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Colin Powell, Danny Glover recognize young Ohio State scholars

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Many high school sophomores haven’t yet thought about what college they’ll attend, but a handful of their peers already have guaranteed admission to Ohio State and financial aid – as long as they keep their grades up.
Ohio State’s Young Scholars Program celebrated 25 years Friday with a little help from actor, producer and humanitarian Danny Glover and former U.S. Secretary of State Gen. Colin Powell, who both spoke at an anniversary luncheon attended by the high school sophomore inductees and their families from various cities throughout Ohio.
Glover told the students they can “attain unimaginable possibilities.”
“Understanding this link brings them back, turns them back, to possibly not only contributing to their own enhancement, but contributing to the community’s enhancement, the state’s enhancement, the nation’s enhancement and the world’s enhancement,” Glover said in a video released after the event.
YSP is a program designed to help underprivileged students living in Ohio’s urban cities receive a college education and enhance their academic preparation before college.
“From all nine places, from Youngstown to Canton to Akron to Columbus to Cleveland to Lorain, you know whites, blacks, Hispanics; every single thing I need to know the importance and value of this program is within their faces,” Glover said in the video.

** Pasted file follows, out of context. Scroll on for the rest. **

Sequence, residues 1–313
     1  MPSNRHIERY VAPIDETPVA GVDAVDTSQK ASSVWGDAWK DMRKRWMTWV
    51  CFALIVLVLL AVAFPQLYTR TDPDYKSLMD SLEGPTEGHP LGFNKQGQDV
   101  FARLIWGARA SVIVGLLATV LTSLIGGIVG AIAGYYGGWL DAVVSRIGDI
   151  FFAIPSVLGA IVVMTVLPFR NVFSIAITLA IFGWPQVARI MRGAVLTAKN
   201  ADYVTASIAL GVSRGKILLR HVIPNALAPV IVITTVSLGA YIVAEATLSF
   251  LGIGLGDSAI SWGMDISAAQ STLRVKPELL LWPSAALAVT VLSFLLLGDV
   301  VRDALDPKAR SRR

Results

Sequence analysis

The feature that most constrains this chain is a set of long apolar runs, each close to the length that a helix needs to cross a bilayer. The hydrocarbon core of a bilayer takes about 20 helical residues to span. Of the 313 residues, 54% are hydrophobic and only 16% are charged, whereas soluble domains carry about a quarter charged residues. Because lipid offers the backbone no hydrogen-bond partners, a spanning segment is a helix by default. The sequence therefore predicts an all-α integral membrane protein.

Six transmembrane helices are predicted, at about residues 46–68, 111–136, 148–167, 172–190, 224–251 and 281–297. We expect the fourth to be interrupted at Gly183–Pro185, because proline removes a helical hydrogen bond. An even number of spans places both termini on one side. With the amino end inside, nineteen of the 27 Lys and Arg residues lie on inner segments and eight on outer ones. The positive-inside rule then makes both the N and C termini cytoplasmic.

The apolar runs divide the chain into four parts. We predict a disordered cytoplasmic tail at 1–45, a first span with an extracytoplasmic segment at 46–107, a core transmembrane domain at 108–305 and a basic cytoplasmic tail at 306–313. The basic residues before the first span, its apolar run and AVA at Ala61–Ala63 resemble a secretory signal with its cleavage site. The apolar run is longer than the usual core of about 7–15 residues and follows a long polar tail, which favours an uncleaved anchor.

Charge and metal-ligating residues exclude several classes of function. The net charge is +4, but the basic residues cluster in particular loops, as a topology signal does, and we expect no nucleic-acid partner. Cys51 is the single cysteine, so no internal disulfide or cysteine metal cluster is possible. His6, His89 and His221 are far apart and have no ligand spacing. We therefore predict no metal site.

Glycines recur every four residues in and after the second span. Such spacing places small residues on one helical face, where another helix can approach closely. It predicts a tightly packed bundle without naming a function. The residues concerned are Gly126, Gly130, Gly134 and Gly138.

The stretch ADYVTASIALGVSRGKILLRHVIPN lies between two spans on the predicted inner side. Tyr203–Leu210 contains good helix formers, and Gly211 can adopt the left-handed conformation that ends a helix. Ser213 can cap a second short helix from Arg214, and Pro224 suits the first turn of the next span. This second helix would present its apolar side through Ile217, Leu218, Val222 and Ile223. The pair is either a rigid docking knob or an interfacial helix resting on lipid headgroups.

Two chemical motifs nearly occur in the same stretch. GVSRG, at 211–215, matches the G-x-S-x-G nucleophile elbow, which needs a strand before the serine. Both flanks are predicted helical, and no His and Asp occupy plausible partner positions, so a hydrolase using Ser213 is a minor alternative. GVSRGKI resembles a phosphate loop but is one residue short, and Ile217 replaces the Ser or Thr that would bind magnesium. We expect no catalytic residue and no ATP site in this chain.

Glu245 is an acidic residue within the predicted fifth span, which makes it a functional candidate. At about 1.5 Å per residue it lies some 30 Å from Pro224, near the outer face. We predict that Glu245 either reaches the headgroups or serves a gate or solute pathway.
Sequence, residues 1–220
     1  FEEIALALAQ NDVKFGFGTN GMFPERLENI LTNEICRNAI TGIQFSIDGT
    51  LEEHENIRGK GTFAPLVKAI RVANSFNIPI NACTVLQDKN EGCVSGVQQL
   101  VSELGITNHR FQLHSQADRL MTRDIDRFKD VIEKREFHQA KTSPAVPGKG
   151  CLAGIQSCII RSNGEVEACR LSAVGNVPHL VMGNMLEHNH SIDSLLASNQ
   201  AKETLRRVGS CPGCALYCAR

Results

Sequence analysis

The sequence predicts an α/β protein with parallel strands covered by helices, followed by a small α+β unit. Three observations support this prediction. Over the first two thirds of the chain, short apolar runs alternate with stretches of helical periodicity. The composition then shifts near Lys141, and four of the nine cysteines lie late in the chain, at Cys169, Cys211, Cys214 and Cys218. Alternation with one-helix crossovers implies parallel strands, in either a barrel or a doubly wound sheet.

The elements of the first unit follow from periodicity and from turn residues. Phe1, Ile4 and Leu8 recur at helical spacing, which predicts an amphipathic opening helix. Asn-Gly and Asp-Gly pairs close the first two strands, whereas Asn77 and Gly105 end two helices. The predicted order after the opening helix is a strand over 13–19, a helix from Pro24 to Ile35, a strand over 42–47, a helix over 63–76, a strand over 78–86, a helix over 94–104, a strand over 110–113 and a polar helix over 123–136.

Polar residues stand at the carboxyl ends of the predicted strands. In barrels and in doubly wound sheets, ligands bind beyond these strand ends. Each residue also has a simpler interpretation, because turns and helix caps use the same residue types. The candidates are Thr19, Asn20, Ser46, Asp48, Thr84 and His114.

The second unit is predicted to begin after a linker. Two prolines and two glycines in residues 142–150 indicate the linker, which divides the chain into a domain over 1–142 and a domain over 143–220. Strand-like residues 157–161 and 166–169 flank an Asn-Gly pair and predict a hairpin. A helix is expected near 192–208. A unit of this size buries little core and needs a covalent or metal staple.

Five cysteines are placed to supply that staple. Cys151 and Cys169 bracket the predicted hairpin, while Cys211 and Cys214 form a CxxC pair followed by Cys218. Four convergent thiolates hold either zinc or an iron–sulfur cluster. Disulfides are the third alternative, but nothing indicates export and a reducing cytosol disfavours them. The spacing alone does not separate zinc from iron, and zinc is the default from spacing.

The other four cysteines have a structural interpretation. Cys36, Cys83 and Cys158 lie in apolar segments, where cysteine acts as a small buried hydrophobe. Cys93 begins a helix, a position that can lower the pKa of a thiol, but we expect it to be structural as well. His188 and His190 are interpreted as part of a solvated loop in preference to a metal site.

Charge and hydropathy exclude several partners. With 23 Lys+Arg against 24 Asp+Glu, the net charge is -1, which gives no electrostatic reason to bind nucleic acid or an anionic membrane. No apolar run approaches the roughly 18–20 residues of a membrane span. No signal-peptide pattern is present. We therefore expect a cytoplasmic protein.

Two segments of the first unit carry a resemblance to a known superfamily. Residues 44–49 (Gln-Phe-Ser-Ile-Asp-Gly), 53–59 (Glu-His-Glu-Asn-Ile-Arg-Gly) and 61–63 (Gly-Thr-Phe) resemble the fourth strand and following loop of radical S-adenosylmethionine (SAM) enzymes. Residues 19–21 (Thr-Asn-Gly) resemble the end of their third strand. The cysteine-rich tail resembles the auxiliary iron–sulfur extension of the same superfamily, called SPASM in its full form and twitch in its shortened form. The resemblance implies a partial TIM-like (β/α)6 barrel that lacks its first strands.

The scholars are selected in the sixth grade and formally inducted into the program in ninth grade. As part of the program, they participate in college preparatory work through their senior year of high school.
The program also helps students become more well-rounded, said Curtis Austin, YSP director.
“The students go to the opera, professional sporting events and hear from faculty and staff throughout middle school and high school,” Austin said.
Students also participate in activities such as the Samuel DuBois Cook Summer Academy, a two-week college program on OSU’s campus where students can prepare for senior level courses and the major selection process.
“The program helps us to empower gifted youth to fully develop their talents and become innovative problem solvers and leaders,” said Valerie Lee, vice provost for the Office of Diversity and Inclusion in a statement released by the university.
The students who complete the program and maintain a GPA of 3.3 are guaranteed admission to OSU as well as special financial aid packages. To qualify for admission to YSP, students must come from a low-income family and be the first student from their family to graduate from a four-year college, and be nominated by their teachers in the sixth grade, according to the YSP website.
Each year, Austin said 120 students from throughout Ohio are inducted into the program.
Of the students who complete the program, 95 percent of the Scholars attend OSU. The rest go to the military or to another college, Austin said.
“All the ones that make it through the program go to college,” Austin said.
Austin said she hopes the YSP will continue offering the opportunities it has for underprivileged youth, like it has been doing for the past 25 years.
“We want to produce excellent students, help them learn what they want to learn, and then they can service the world,” Austin said.

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